Civil Discourse and Difficult Decisions
The Federal Courts' Unique Niche in Civics Education: Courtrooms, Judges, Lawyers, Teens and their Issues
These courtroom and classroom activities apply contemporary Supreme Court cases to today’s teen issues, creating the federal courts’ unique niche in civics education. Court simulations offer real-life experiences with judges and attorneys at local federal courthouses. All learning styles are involved in the courtroom action and, most importantly, in jury deliberations and judicial sentencing decisions. The activities are supported by interactive web resources and multi-media tools, including videos and podcasts on court fundamentals. These original, courtroom-ready and classroom-ready simulations are the centerpiece of a national pilot program to build teens’ decision-making capacities, to equip them with civil discourse skills, and to introduce them to the human face of the judiciary. The U.S. District Court judges of the Southern District of Florida are the first to undertake the pilot, facilitated by U.S. District Court Judges Robin L. Rosenberg and Beth Bloom. Ultimately, these real-life experiences expose young people to the way courts and communities come together in courtrooms to work out disputes through civil discourse and reasoned decision making – the same skills students practice in these courtroom simulations. The participants’ real-world immersion in the courts is designed to motivate young people to become part of the process in any of a number of roles inside and outside the justice system and to inspire them to serve on juries willingly when called.
The Southern District of Florida hosted school children from CARE Elementary School for a tour of the U.S. District Courthouse and a day of learning about the legal system. At the Wilkie D. Ferguson U.S. Courthouse, students were able to participate in an interactive tour through the U.S. Marshal’s Office, a Judge’s private chambers and public courtrooms. Students were able to gain knowledge of the court process by participating in a mock trial with United States District Judge Donald Graham. The trip to the courthouse reiterated the school’s mission of preparing confident, lifelong learners and responsible citizens.
Opportunities like this one enrich the educational experience for school age children and expose them to career choices that are available if they set goals and work toward a strong academic foundation. This special learning opportunity was made possible through coordinated efforts provided by United States District Judge Donald Graham and his chambers, Mrs. Devona Perez and the Caribbean Bar Association.
Naturalization ceremonies are public events that bring communities, schools, and new citizens together in federal courthouses. These ceremonies allow students to observe or participate in a citizenship ceremony and learn more about the federal courthouse. For more information, click here. Space is limited.
The Court Assisted Re-Entry program (CARE Court) was established to help reduce recidivism by assisting moderate and high-risk offenders to successfully reintegrate into their families and community. Successful reintegration usually includes obtaining stable housing and stable employment. Started in 2016, CARE Court provides additional judicial oversight and intensive supervision to offenders. To aid in reintegration, CARE Court helps connect participants with service providers that can aid with things such as job skills training, job placement, legal assistance, and housing.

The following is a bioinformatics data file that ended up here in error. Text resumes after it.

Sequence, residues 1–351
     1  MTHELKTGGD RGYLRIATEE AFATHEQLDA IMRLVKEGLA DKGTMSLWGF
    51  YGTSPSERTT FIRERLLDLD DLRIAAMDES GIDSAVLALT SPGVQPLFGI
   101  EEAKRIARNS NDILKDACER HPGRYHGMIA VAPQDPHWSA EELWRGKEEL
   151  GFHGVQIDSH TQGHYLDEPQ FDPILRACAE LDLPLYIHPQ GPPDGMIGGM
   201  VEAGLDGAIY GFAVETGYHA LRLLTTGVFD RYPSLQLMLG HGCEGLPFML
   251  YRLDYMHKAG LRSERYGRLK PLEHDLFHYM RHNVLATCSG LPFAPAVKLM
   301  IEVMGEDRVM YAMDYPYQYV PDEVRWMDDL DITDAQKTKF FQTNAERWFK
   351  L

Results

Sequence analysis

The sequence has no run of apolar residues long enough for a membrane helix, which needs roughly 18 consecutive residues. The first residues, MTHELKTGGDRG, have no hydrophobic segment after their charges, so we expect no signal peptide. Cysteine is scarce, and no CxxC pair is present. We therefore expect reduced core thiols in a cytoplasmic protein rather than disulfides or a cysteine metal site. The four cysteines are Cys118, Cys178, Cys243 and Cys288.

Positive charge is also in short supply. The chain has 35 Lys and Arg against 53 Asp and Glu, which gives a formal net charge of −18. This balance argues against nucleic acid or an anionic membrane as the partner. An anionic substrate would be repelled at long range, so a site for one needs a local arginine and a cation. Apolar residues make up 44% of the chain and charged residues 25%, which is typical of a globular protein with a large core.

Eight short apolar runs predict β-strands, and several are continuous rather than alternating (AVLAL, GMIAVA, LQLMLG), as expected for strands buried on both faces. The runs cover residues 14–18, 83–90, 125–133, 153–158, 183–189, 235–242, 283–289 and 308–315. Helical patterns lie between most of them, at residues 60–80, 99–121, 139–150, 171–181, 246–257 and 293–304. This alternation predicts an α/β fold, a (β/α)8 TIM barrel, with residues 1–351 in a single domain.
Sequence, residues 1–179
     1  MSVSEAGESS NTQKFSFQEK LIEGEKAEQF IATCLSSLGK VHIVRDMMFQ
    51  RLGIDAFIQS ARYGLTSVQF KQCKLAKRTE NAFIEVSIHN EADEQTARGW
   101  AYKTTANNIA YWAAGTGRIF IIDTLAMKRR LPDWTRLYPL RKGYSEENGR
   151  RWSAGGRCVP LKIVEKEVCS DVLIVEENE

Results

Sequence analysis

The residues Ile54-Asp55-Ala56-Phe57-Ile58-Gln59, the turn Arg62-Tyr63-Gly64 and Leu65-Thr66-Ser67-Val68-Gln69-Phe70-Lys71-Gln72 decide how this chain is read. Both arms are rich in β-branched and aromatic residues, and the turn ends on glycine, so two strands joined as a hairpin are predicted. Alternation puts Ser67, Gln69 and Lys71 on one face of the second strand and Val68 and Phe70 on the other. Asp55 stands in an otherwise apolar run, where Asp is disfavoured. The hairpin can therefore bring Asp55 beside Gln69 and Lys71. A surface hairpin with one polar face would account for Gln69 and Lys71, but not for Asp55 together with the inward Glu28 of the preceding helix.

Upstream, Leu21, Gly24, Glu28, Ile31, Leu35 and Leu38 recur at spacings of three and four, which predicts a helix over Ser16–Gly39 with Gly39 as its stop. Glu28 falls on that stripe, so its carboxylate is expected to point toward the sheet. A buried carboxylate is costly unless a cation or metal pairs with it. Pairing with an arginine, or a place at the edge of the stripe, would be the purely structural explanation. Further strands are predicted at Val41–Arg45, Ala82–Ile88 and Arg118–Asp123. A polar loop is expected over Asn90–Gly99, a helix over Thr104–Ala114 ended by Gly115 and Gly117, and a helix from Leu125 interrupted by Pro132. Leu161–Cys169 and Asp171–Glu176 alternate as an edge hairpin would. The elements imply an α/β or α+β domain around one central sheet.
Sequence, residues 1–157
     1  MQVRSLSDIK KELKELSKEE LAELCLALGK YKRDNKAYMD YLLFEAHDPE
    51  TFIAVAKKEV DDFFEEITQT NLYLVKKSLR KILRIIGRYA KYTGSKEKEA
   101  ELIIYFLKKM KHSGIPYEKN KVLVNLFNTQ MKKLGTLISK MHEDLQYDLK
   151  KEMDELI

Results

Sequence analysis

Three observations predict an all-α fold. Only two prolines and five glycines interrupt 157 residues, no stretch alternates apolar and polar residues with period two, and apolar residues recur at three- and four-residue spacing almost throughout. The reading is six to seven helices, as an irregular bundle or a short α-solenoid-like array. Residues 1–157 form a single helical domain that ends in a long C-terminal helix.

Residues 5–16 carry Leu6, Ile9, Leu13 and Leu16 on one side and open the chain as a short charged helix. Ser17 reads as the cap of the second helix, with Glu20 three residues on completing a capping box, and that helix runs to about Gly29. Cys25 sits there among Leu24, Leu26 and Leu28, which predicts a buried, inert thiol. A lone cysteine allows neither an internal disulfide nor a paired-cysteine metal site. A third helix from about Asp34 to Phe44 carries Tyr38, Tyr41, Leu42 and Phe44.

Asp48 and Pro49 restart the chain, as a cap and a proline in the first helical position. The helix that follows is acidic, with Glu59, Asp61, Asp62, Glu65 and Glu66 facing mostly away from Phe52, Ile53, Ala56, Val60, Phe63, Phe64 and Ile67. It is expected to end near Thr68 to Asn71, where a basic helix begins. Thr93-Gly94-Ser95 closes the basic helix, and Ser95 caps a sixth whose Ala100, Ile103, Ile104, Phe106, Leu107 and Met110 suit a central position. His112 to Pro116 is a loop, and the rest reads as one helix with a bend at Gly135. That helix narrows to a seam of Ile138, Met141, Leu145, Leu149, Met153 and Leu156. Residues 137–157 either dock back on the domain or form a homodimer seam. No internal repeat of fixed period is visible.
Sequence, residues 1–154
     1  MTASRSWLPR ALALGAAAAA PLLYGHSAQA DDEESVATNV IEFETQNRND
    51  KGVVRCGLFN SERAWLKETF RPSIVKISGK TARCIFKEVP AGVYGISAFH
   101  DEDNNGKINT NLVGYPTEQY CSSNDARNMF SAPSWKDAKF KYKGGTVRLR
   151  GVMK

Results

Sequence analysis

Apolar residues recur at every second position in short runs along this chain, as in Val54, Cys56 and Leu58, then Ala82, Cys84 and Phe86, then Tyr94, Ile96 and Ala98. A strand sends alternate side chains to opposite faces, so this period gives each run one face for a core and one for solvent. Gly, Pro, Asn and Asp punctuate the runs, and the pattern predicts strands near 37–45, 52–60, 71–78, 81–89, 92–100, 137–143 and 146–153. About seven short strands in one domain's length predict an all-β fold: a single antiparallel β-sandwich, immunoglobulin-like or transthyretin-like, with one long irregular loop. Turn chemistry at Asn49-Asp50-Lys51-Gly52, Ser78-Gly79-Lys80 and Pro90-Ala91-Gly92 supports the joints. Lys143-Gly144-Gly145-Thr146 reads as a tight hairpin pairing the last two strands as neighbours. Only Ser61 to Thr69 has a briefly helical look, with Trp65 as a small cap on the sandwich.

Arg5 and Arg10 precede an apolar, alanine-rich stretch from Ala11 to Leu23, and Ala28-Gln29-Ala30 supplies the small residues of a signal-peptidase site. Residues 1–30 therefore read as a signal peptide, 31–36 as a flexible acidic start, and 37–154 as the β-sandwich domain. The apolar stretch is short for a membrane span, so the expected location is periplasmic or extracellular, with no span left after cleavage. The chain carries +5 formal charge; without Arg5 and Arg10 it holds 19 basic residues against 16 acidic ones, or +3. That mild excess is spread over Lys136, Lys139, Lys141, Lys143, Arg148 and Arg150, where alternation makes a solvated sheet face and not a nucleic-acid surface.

CARE Court is operated by a team of court professionals, including a presiding District Court judge, members of the U.S. Attorney’s Office, members of the Federal Public Defender’s Office, and United States Probation Officers. CARE Court participants meet every other week with the CARE Court Team. At the meetings, the participants and the Team discuss the participant’s progress toward reaching the goals the participant set at prior meetings and new goals are set. Goals might include completing a GED, reinstating a driver’s license, or obtaining a job. Issues that have impeded a participant’s ability to reach his or her goals are also addressed and strategies for overcoming the impediment are discussed.
A participant graduates from CARE Court after having earned 75 points. Points are awarded for attending CARE Court and for reaching the goals set by the participant and CARE Court team. Upon graduation, a participant’s term of supervised release is reduced by 12 months.
Law Day is an annual celebration of the rule of law in a free society. Throughout May, the legal community reaches out in communities across the nation to simulate appreciation and critical thinking about the founding fundamentals that are so easily taken for granted.
Since 1958, when President Dwight D. Eisenhower established the first Law Day, Americans have taken the opportunity to recommit themselves to remaining a nation of laws. The observance became official in 1961, when Congress issued a joint resolution designating May 1 as Law Day.
Speeches, gatherings, and programs for adults and students set the stage for a month-long exploration of enduring legal principles. Many federal courts open their doors in May to bring the next generation of jurors into courtrooms to see and to participate in the process of justice for all.
The anniversary of the Constitution's signing is observed officially on September 17, and courts celebrate it throughout the month with naturalization ceremonies and other educational outreach events to help schools fulfill a congressional mandate to teach about the Constitution.